I work with a bank that has a woman’s group called P.O.W.E.R., which is all about embracing your personal power. I found the perfect “power” bar—a charging station for electronic devices—from supplier Twintech Industry, Inc. It looked like an edible power bar that you might take the wrapper off and eat! It was a huge hit. The packaging for this product was absolutely perfect. On the wrapper we also included photos of some of the group’s powerful women.

Tell us about your experience being the first female president of the Rotary Club of Richmond.

I love, love, love my Rotary experience. I’ve set my calendar around Tuesday lunch meetings for the past 24 years. It’s one of the most rewarding things I’ve ever done. My two bosses at Richmond Office Supply were both members of the Rotary Club of Richmond. Every Tuesday, no matter how busy we were in the store, they left for lunch. Women were not allowed in Rotary at the time—not until the 1980s. Yes, it was a “good old boys” club, and I heard the ceiling crack a bit when I joined.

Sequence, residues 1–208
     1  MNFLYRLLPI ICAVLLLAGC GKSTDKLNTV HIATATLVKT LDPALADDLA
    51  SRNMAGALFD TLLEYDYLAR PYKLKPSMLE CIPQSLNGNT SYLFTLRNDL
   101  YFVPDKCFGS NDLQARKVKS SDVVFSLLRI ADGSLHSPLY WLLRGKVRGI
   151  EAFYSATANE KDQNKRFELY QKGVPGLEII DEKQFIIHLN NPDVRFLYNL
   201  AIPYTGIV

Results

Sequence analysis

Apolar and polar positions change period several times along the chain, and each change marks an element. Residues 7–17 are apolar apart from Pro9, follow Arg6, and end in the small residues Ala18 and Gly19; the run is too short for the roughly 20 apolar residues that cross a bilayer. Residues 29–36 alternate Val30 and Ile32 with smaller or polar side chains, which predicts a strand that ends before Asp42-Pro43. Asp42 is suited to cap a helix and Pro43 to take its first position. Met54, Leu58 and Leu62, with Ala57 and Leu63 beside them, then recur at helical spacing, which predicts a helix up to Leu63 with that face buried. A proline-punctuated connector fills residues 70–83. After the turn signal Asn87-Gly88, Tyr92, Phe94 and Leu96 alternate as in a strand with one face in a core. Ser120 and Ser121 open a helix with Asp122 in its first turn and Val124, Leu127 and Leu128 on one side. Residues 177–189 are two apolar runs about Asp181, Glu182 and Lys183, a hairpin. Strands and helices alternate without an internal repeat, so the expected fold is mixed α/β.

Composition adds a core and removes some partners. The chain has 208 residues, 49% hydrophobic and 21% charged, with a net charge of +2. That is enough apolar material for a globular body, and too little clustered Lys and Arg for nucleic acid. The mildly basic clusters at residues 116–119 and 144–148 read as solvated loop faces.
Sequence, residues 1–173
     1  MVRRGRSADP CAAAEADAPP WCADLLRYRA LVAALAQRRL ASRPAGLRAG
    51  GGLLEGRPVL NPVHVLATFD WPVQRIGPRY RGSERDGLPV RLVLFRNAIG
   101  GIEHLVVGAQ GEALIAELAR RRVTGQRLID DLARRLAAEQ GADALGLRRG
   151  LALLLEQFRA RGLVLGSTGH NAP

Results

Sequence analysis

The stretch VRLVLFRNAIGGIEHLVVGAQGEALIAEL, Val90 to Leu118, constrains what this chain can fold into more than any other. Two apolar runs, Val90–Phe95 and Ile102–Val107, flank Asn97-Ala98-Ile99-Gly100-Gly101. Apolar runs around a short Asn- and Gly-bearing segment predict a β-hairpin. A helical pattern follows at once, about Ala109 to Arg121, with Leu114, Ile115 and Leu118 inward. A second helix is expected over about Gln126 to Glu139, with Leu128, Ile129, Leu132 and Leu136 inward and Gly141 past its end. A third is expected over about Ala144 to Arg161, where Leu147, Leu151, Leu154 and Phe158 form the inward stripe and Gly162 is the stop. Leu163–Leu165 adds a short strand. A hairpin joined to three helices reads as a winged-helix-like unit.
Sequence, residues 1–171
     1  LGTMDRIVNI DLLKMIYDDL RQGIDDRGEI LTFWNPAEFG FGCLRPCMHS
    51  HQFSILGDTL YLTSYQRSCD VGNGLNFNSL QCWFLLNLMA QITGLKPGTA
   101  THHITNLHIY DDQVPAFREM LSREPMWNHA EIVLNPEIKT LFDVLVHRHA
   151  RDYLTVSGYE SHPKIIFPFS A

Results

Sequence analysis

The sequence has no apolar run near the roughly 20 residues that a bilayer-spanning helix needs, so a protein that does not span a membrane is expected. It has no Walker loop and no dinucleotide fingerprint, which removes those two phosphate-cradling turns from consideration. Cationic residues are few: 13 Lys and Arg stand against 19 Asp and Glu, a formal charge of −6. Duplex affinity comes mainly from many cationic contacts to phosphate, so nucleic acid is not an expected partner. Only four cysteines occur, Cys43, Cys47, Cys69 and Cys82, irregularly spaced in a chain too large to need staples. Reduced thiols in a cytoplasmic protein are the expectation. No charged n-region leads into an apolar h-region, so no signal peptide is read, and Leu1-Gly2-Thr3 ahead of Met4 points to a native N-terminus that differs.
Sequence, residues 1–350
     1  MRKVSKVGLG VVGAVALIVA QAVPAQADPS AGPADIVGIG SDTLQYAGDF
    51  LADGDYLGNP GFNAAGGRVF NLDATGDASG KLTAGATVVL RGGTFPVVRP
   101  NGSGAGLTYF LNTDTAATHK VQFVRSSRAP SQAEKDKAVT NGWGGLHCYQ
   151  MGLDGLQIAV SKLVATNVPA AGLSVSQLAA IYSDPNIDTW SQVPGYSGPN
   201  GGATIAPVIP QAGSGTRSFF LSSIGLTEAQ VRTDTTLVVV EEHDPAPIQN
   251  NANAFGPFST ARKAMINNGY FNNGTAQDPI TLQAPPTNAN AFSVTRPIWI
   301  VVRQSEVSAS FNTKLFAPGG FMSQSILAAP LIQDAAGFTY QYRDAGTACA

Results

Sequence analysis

Being a member of our club was and is still an honor. I get goosebumps every Tuesday when we say the Pledge of Allegiance and offer an invocation. When I was asked by the past presidents to run for the office, I was warned that I probably wouldn’t get the vote, since no other woman had even been asked to run in the 90-plus years of our club. It was, by far, the best year of my life. We have made so many changes for the better. I had big “wing tips” to fill as the first woman president.